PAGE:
Wednesday, June 19, 2019

Cooper Union Sanitary Commission Quilt #2: The Cooper Institute

"School of Design
Engraving Class
Cooper Union"

When I read the inscription on this sampler quilt I knew what it meant. I'd done a little research on quilts made in the Cooper Union building in New York City during the Civil War. I realized this is likely a rare Civil War survivor---a quilt made there to donate to the Union Sanitary Commission.

Peter Cooper (1791-1883) with a granddaughter

The Cooper Union was (and is) an art school in New York City. Wealthy entrepreneur Peter Cooper founded The Cooper Union for the Advancement of Science and Art in 1859. The beautiful building housed offices, classrooms and studios and a Great Hall seating almost a thousand people in one of the city's tallest structures at the time.

The Cooper Union building about 1890

Cooper's liberal ideas included a free education not only for talented men but for women. Once accepted students  paid no tuition. “To better the condition of woman and to widen the sphere of female employment I have provided seven rooms to be forever devoted to a Female School of Design.” The Engraving Class prepared art students for a career in commercial art. One acceptable female occupation was wood engraving, the process widely used to illustrate publications.

Wood engraving picturing students learning wood engraving at the 
Cooper Union, 1883 

They drew and cut images on the end of blocks of boxwood.
Small hands, acute near vision, a talent for drawing, and attention to detail
were qualifications that made it a good job for young women.

The Engraving Room was in a well-lit studio...

Probably on the fourth floor on the side behind those Gothic arched windows

The inscription is beautifully embroidered in blue thread.

During the Civil War the Cooper Union building housed the offices of the New York Branch of the Sanitary Commission, called the Women's Central Relief Association, organized by the elite of the city. A founding member was Sarah Bedell Cooper, Peter Cooper's wife.

Sarah Bedell Cooper (1793-1869)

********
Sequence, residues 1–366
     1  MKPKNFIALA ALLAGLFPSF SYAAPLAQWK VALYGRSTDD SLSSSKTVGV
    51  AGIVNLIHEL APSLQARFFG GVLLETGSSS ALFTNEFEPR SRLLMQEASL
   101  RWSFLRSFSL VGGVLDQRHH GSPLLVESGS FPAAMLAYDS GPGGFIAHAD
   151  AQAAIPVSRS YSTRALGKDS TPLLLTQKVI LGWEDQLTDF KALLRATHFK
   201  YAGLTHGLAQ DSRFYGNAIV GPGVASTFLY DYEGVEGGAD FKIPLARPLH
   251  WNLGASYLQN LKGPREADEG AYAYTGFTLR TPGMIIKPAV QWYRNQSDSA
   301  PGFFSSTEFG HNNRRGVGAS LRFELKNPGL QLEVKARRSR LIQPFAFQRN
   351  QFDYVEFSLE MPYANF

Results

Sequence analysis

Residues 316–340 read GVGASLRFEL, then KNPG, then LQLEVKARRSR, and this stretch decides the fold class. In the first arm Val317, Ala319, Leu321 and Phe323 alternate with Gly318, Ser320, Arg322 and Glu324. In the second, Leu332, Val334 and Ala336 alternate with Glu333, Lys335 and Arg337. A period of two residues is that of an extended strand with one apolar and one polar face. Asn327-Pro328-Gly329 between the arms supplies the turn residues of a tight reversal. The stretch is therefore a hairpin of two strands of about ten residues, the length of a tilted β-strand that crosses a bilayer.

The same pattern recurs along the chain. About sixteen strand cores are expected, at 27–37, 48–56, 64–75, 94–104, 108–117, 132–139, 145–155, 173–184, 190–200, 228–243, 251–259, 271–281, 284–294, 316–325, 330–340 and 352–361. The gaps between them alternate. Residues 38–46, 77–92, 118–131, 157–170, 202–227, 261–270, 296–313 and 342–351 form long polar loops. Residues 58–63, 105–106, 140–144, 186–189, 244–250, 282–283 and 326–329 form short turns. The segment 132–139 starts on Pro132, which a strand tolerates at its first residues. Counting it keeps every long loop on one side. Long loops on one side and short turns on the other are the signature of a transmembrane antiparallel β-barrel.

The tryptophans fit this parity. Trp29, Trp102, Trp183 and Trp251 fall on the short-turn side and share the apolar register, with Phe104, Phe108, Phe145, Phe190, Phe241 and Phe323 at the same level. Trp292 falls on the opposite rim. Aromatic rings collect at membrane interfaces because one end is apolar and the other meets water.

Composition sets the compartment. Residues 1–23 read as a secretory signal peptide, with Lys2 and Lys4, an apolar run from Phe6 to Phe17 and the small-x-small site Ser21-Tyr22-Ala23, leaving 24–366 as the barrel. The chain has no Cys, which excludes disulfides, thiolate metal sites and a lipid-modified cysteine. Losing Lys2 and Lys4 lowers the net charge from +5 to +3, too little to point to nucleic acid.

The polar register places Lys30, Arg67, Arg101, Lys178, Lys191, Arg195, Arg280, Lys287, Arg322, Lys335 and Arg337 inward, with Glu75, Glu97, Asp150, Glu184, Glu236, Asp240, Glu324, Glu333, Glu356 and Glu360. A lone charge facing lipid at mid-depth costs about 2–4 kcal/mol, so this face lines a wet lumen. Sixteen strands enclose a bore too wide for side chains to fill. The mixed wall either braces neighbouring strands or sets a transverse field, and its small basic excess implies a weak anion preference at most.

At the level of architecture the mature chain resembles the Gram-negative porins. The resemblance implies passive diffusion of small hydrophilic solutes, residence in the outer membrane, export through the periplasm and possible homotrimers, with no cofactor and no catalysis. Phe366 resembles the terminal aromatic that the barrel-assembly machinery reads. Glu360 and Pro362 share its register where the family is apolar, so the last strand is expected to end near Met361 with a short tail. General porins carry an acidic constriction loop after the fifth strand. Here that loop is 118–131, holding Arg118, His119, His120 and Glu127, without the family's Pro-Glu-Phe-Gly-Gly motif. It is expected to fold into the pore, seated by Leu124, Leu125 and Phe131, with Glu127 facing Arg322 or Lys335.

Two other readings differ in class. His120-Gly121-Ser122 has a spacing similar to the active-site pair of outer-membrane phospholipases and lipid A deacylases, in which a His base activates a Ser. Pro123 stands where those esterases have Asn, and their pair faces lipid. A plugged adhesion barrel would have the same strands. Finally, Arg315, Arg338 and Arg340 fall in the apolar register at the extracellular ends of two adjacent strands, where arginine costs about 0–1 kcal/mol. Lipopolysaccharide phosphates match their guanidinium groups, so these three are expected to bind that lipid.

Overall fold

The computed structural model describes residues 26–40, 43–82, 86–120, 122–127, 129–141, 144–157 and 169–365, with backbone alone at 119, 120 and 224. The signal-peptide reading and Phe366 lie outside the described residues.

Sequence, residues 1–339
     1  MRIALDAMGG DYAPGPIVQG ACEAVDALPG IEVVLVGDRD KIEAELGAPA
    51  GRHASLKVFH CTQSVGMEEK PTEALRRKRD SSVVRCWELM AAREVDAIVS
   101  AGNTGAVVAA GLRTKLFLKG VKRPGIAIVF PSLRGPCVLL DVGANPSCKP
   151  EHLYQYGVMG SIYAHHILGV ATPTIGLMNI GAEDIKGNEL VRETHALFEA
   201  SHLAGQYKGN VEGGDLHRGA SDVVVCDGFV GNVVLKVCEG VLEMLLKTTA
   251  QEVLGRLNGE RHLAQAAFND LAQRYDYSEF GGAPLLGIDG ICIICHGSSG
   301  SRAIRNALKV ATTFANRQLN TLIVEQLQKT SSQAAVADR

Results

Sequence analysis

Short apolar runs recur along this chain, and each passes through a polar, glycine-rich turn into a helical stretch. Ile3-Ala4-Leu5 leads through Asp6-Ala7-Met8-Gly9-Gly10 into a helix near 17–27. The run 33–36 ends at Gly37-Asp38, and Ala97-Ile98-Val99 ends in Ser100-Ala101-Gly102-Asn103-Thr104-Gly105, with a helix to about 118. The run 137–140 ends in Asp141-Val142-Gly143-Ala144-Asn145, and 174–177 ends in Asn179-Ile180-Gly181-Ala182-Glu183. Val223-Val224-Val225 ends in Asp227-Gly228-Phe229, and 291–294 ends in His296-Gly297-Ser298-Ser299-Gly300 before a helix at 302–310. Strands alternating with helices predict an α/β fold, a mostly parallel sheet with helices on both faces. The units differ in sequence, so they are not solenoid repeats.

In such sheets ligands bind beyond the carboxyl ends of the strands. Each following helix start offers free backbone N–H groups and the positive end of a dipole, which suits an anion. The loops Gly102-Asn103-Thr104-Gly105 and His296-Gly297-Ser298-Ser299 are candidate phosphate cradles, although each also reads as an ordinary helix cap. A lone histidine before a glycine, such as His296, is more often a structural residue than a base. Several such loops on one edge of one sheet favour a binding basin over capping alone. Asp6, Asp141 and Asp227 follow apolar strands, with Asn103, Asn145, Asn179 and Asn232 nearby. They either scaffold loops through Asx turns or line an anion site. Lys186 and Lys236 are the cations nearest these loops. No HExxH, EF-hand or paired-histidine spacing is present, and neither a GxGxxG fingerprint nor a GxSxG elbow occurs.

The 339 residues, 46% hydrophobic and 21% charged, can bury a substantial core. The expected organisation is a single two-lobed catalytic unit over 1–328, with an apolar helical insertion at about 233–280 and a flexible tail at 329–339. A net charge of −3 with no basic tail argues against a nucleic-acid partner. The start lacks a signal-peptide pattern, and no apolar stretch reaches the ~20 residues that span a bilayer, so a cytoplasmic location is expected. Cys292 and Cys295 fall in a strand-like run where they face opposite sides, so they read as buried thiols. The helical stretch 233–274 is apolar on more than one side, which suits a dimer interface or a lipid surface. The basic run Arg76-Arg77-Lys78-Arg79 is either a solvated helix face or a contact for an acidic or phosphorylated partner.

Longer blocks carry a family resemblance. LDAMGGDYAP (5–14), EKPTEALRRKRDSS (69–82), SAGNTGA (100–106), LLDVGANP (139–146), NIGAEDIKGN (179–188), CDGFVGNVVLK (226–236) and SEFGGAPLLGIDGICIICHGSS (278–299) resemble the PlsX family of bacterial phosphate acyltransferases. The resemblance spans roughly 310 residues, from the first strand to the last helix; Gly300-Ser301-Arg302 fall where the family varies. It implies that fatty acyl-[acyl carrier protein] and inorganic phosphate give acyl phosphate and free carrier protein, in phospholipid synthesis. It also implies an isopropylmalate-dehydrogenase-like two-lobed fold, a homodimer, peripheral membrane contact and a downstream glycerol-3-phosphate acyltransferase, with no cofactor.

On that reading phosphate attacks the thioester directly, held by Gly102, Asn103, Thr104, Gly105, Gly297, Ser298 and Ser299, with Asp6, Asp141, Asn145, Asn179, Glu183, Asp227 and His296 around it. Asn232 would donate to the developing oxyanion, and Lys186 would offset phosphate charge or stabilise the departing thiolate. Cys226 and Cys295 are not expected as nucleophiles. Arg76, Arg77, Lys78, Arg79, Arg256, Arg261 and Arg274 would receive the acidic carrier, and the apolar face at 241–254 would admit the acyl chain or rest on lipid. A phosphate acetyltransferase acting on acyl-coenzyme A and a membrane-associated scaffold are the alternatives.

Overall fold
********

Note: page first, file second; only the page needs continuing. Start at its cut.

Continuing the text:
The Association's offices were on the ground floor of the building. In this Civil-War-era 
photo men address crates of donated hospital supplies to be sent to 
Sanitary Commission agents in the field.

The quilt is 54" wide by 88".
Sanitary Commission guidelines asked for
long, narrow quilts to fit hospital beds.

Women's groups all over the North donated supplies to comfort wounded Union soldiers. The supplies included bed quilts.

The New York organization alone reported that in its first two and a half years
they received 20,444 quilts to distribute to hospitals.
The war dragged on for over another year.

Quilts were gathered and shipped by the Subcommittee on Receiving and Forwarding Supplies. My quilt descended in the family of Samuel W. Bridgham, who was chair of that committee.

Engraving by Guilielma's student Alice Donlevy

Quilts were not only stored in the building but were stitched in the building. Gulielma Field (1814-1875) who taught wood engraving also knew how to quilt. Alice Donlevy, one of her students, recalled:
"Under her guidance many patchwork quilts were made during the Civil War, in an upper room in the Cooper Institute, where the students of the Art School came to quilt for any half hour they could spare after lesson times....Every student that I remember had to learn to quilt."

Skylights on the top floor may have provided light for quilting.

Alice also recalled that Gulielma opened "the every day quilting bee with poetry" and she was a "diplomatic teacher."
"One of her warmest admirers was a young Southern girl. Gulielma would cut off her criticisms of President Lincoln with a question about books, and succeeded in keeping the atmosphere of that quilting bee restfully sympathetic."
The blocks are well-pieced. Gulielma must have been
an exacting teacher in quilting as well as engraving.
I'd guess you pronounce her name Julie-Elma.

The products of the Engraving Department's restful quilting bee went to the Sanitary Commission offices on the first floor. My new quilt must have been one of many stitched at the Cooper Union.

More about this quilt tomorrow.

See a post from 2016 on the Cooper-Union soldiers' aid society:

Read Donlevy's biography of her teacher Gulielma here:


  1. OH how wonderful. Wondering if the seller of the quilt knew about any of it???

  2. What an awesome history lesson this morning! That quilt is so special!!

  3. The seller knew a good deal of it and I am so grateful that she kept the notes on the family and shared them with me. Thank you, Stella.

  4. This is so interesting. A wood engraver and a quilter. Art can surely overlap. So glad you found this quilt and thanks for sharing your research.

  5. This is an wonderful post....what a great story to this quilt! Thank you Barbara for sharing.

  6. Wow over 20,000 and just a smidgeon survived. Your one is in such good condition too! A very interesting and forward thinking man - wonderful history. Thank you.

  7. And didn't Peter Cooper invent Jell-o?

  8. Thanks so much for sharing, loved reading about this!

  9. Wow, it must have been saved because of the beautiful work-womanship. That is a stunning example. Thank you for sharing.

  10. I do believe Peter Cooper invented jello, Marianne

  11. Thank goodness for those who save such historical items and pass them on or sell them into the collector's market. So glad this one wound up with you, Barb!

  12. What interesting history! And my father was an engineering graduate of Cooper Union and I never knew of the quilt connection. Thanks so much for the history.


  13. Peter Cooper was a great industrialist and inventor, but I do not think he would approve of how his school is managed.